Proportion Of County COVID Cases Coming From Broken Arrow Increasing: Health Department
The city of Broken Arrow's share of COVID-19 cases relative to the Tulsa County total is increasing, a trend possibly related to its lack of a mask mandate, according to the Tulsa Health Department.
At a Thursday press conference at Tulsa Police headquarters, Dr. Bruce Dart, the health department's director, described the trend.
"The portion of Broken Arrow that is within Tulsa County represents over 16% of all Tulsa County cases," Dart said. "This has been an increasing trend for several weeks. Broken Arrow cases make up larger and larger portions of Tulsa County cases." (According to 2019 U.S. Census Bureau estimate data provided by INCOG, Broken Arrow residents make up 13.8% of Tulsa County's total population.)
Dart said a reason or reasons for the increase couldn't be definitively stated.
"We know that we have guidance in Tulsa that [we] ask people to follow around masking out in public, which we know mitigates that spread," Dart said. "That same guidance does not exist in Broken Arrow. We could attribute it to that, but there's a variety of things."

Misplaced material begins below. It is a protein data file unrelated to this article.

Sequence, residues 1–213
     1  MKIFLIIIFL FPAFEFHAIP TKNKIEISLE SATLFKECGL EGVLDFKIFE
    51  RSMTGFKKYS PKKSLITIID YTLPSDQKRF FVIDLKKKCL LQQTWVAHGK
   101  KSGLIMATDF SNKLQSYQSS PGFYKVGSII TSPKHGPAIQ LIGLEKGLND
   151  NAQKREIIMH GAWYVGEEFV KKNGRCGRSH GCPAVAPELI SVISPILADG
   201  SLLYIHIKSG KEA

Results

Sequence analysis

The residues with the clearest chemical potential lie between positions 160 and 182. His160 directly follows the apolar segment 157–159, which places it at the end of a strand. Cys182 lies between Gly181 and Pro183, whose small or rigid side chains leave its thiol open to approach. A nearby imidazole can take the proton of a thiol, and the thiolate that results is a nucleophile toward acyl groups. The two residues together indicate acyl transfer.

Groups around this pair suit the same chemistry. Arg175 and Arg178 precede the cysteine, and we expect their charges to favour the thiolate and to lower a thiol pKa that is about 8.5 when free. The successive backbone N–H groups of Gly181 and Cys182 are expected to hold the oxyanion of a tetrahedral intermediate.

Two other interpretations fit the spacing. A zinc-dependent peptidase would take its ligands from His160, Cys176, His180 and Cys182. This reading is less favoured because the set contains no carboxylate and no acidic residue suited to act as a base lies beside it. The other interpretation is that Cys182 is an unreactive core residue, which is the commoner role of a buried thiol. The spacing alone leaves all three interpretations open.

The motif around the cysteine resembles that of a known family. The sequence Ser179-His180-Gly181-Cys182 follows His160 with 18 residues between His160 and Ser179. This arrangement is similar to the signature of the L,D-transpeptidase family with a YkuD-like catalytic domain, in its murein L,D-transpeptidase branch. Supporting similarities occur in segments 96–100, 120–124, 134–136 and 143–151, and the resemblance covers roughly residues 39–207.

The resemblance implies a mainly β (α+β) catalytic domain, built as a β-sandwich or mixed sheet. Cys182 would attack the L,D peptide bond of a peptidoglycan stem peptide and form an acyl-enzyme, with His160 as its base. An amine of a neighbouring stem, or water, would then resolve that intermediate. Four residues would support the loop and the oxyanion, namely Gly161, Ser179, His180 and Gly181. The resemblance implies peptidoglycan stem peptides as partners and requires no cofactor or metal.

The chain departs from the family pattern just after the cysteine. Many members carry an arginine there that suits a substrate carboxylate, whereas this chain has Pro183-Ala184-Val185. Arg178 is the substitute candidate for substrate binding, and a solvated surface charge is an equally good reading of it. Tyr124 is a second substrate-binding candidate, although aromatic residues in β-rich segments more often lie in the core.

"What's going on in the environment, if there are large events -- and those are things that we track -- we haven't seen anything significant from a community perspective that might add to that, so that's why I'm talking about masks. Now, school's starting, so we'll see if things change after that," Dart said.
"I'll be honest: Right now, transmission has everything to do with human behavior, and that's what we're trying to change so we can mitigate transmission. This is one of the tools that we use to hopefully direct human behavior toward mitigation," Dart said, pointing to his facemask.
Dart gave credit to the mask ordinance passed by the Tulsa City Council and signed by Mayor G.T. Bynum in July for a 28% week-over-week decrease of new infections in Tulsa County last week.
Broken Arrow Public Schools Superintendent Janet Vinson announced last Tuesday that 33 employees had already tested positive before the district even welcomed students back for in-person learning, which they still plan to do on Sept. 3rd.